“Sovereignty”: The Shield for Committing Atrocities in Tigray, Ethiopia
A long tradition of self-governance and the bitter fight against Italy’s invasion in the late 19th century, which ended in the defeat of the colonizing forces at the renowned Battle of Adwa in Tigray, is at the core of the pride Ethiopia has in its sovereignty. The notions of societal dignity and territorial integrity, stemming from the mythologized historical depiction of the Battle of Adwa, is deeply seated in the minds of Ethiopians. Ironically, this deep-rooted belief in Ethiopia’s sovereignty is being used as a shield and justification for committing dreadful atrocities and manipulating the masses during the war on Tigray.
To fully grasp how the concept of “saving Ethiopia” is used by the Ethiopian government to legitimize acting with impunity by committing atrocities in Tigray, let’s look back to the construction of the narrative and how the Ethiopian public bought into it.
After Abiy Ahmed was sworn in as interim Prime Minister in 2018, he worked hard to win the hearts of Ethiopians and the world by telling all sides what they wanted to hear and implementing eye-catching reforms, including opening up political space and economic possibilities in Ethiopia. In retrospect, these reforms that were met with euphoria were superficial and failed to live up to the expectations of the local and international community. The reforms were nothing less than strategic, pre-calculated moves to gain public trust and popularity. Most of Abiy’s initial reforms were followed by actions contrary to what he had promised.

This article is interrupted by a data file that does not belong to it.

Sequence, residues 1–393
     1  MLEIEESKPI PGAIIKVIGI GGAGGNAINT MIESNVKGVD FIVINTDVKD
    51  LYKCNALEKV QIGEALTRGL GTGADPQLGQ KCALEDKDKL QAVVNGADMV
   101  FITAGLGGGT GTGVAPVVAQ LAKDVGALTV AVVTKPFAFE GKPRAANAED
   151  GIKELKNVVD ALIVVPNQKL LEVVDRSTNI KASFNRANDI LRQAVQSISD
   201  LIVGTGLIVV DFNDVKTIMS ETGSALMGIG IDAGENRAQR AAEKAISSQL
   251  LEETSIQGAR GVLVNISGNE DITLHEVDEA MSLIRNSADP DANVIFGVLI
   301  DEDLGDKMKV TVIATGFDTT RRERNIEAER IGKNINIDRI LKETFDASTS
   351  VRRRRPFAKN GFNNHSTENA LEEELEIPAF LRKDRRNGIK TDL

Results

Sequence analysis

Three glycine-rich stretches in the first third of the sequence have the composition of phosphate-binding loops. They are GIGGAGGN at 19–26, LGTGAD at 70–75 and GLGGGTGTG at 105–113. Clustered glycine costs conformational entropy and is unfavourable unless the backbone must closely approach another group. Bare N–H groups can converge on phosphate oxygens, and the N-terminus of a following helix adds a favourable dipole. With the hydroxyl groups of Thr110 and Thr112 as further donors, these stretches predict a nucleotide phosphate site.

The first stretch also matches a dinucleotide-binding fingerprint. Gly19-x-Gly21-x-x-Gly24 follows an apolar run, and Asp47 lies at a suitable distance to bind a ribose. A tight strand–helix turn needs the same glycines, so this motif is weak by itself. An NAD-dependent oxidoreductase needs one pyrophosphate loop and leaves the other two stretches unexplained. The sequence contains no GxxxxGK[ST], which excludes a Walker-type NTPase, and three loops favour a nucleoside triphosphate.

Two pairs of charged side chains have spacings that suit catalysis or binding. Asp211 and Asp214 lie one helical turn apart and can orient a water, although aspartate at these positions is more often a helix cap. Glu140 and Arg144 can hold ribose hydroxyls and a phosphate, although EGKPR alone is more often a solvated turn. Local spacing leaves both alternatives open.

With the aim of centralizing power and establishing a popular cult-like leadership, Abiy made demagogic speeches and turned to empty “pan-Ethiopian” rhetoric, labeling anyone against him as anti-unity and anti-Ethiopia.
In doing so, it became easy to categorize, sideline, or imprison his opponents. Such political oppression was difficult to do when it came to the Tigrayan People’s Liberation Front (TPLF), who became Abiy’s main obstacle in completely consolidating his power. Unlike other rivals, the TPLF had a well-structured organization, institutional knowledge, and strong roots in Tigray. Eliminating such a threat was Abiy’s objective from his first day in office.
Antagonistic Narration: Why the Ethiopian public complied with the war on Tigray
Before Abiy’s premiership, officials from the TPLF were accused by the public of being involved in large-scale state-led corruption, ethnic division of the nation in the interest of hegemony, and suppression of other ethnic groups. Abiy was expeditious in using and leveraging this fermented hate in his rhetoric every opportunity he had.